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Conference

International Conference on Social Robotics 

About: International Conference on Social Robotics is an academic conference. The conference publishes majorly in the area(s): Social robot & Robot. Over the lifetime, 767 publication(s) have been published by the conference receiving 6103 citation(s).
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Book ChapterDOI
29 Oct 2012
TL;DR: This review provides a comprehensive understanding of anthropomorphism in robotics, collects and reports relevant references, and gives an outlook on anthropomorphic human-robot interaction.
Abstract: In this literature review we explain anthropomorphism and its role in the design of socially interactive robots and human-robot interaction. We illustrate the social phenomenon of anthropomorphism which describes people's tendency to attribute lifelike qualities to objects and other non lifelike artifacts. We present theoretical backgrounds from social sciences, and integrate related work from robotics research, including results from experiments with social robots. We present different approaches for anthropomorphic and humanlike form in a robot's design related to its physical shape, its behavior, and its interaction with humans. This review provides a comprehensive understanding of anthropomorphism in robotics, collects and reports relevant references, and gives an outlook on anthropomorphic human-robot interaction.

187 citations


Book ChapterDOI
27 Oct 2013
TL;DR: This work provides the first demonstration of the ability to train multiple behaviors by such feedback without algorithmic modifications and of a robot learning from free-form human-generated feedback without any further guidance or evaluative feedback.
Abstract: We present a case study of applying a framework for learning from numeric human feedback–tamer–to a physically embodied robot. In doing so, we also provide the first demonstration of the ability to train multiple behaviors by such feedback without algorithmic modifications and of a robot learning from free-form human-generated feedback without any further guidance or evaluative feedback. We describe transparency challenges specific to a physically embodied robot learning from human feedback and adjustments that address these challenges.

119 citations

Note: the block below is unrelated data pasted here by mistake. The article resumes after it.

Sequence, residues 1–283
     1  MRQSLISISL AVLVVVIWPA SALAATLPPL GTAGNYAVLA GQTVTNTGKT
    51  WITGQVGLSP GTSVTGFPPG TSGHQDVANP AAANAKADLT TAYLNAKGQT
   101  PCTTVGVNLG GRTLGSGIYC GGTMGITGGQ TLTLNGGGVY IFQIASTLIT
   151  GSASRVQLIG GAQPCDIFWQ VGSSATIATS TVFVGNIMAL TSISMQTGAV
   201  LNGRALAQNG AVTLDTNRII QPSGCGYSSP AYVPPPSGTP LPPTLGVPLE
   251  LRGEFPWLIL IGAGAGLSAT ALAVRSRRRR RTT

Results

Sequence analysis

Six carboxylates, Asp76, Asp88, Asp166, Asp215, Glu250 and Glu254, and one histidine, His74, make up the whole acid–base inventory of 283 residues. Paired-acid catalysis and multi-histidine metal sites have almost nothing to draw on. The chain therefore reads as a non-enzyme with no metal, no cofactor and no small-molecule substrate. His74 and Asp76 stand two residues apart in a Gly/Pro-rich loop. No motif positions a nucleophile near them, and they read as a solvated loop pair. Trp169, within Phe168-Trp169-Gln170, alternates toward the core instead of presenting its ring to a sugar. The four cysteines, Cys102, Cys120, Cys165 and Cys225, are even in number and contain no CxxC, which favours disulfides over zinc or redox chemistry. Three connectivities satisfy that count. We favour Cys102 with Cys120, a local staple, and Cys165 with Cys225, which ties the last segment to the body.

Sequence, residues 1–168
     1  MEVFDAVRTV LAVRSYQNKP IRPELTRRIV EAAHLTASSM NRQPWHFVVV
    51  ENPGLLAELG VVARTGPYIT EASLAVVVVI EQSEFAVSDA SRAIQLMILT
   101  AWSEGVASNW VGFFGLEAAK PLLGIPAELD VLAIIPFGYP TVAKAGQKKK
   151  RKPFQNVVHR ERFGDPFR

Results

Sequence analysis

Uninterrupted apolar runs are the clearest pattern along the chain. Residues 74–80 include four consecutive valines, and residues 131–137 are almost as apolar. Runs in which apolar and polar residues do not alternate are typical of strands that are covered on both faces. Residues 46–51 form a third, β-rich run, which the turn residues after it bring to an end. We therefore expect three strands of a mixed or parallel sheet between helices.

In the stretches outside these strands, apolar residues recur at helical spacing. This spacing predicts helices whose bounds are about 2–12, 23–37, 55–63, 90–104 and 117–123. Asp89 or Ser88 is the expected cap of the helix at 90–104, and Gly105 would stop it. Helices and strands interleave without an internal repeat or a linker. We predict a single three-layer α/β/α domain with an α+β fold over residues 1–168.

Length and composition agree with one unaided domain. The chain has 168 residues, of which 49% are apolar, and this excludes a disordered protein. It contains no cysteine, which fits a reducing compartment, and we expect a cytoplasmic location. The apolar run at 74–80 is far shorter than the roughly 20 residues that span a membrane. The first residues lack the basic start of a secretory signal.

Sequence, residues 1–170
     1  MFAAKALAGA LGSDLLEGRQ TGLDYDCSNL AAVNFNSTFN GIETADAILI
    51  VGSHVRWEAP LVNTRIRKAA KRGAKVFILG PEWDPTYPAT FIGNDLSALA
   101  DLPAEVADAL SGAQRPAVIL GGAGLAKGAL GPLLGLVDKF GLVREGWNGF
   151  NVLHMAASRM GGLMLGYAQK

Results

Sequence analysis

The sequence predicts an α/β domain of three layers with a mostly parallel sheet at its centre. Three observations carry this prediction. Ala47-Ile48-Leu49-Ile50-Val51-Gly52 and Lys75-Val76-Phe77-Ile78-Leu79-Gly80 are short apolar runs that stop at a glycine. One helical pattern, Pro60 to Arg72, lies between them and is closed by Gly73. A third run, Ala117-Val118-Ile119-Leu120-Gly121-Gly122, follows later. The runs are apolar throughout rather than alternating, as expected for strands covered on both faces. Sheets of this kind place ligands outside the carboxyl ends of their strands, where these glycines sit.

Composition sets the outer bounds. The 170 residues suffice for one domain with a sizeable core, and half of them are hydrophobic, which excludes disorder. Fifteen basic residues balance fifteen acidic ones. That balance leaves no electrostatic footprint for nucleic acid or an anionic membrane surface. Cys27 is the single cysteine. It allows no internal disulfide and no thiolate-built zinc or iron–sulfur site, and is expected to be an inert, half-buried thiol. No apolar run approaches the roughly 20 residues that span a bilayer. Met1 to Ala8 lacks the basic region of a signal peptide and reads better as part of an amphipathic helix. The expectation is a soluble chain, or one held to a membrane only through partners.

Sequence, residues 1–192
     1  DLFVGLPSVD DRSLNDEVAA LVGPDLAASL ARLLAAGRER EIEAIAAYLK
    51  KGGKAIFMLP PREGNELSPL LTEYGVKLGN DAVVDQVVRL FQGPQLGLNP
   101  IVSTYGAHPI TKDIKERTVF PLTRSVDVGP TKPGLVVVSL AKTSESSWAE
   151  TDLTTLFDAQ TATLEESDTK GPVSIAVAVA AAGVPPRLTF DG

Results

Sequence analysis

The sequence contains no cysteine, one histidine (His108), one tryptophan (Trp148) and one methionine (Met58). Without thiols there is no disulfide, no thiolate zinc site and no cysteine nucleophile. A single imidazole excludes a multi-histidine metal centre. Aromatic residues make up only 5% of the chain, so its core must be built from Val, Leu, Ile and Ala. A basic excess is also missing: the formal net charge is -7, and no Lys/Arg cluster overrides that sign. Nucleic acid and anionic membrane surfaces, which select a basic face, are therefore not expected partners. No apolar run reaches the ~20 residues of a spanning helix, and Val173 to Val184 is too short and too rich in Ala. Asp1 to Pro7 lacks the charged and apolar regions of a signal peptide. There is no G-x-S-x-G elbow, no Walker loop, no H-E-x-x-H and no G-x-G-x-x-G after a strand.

Book ChapterDOI
24 Nov 2011
TL;DR: Results indicated that only gazing independently led to increased persuasiveness when the robot combined it with (the persuasive strategy of) gazing, and without gazing, using persuasive gestures diminished robot persuadeasiveness.
Abstract: Social agency theory suggests that when an (artificial) agent combines persuasive strategies, its persuasive power increases. Therefore, we investigated whether a robot that uses two persuasive strategies is more persuasive than a robot that uses only one. Because in human face-to-face persuasion two crucial persuasive strategies are gazing and gestures, the current research investigated the combined and individual contribution of gestures and gazing on the persuasiveness of a storytelling robot. A robot told a persuasive story about the aversive consequences of lying to 48 participants. The robot used persuasive gestures (or not) and gazing (or not) to accompany this persuasive story. We assessed persuasiveness by asking participants to evaluate the lying individual in the story told by the robot. Results indicated that only gazing independently led to increased persuasiveness. Using persuasive gestures only led to increased persuasiveness when the robot combined it with (the persuasive strategy of) gazing. Without gazing, using persuasive gestures diminished robot persuasiveness. The implications of the current findings for theory and design of persuasive robots are discussed.

81 citations


Book ChapterDOI
27 Oct 2013
Abstract: Child-Robot Interaction (cHRI) is a promising point of entry into the rich challenge that social HRI is Starting from three years of experiences gained in a cHRI research project, this paper offers a view on the opportunities offered by letting robots interact with children rather than with adults and having the interaction in real-world circumstances rather than lab settings It identifies the main challenges which face the field of cHRI: the technical challenges, while tremendous, might be overcome by moving away from the classical perspective of seeing social cognition as residing inside an agent, to seeing social cognition as a continuous and self-correcting interaction between two agents

77 citations


Book ChapterDOI
23 Nov 2010
TL;DR: This work presents a system for the computer based automatic recognition of emotions and the new results obtained on a small dataset of quasi unconstrained emotional videos extracted from TV series and movies.
Abstract: When interacting with robots we show a plethora of affective reactions typical of natural communications. Indeed, emotions are embedded on our communications and represent a predominant communication channel to convey relevant, high impact, information. In recent years more and more researchers have tried to exploit this channel for human robot (HRI) and human computer interactions (HCI). Two key abilities are needed for this purpose: the ability to display emotions and the ability to automatically recognize them. In this work we present our system for the computer based automatic recognition of emotions and the new results we obtained on a small dataset of quasi unconstrained emotional videos extracted from TV series and movies. The results are encouraging showing a recognition rate of about 74%.

60 citations


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Performance
Metrics
No. of papers from the Conference in previous years
YearPapers
202179
202057
201972
201861
201775
201699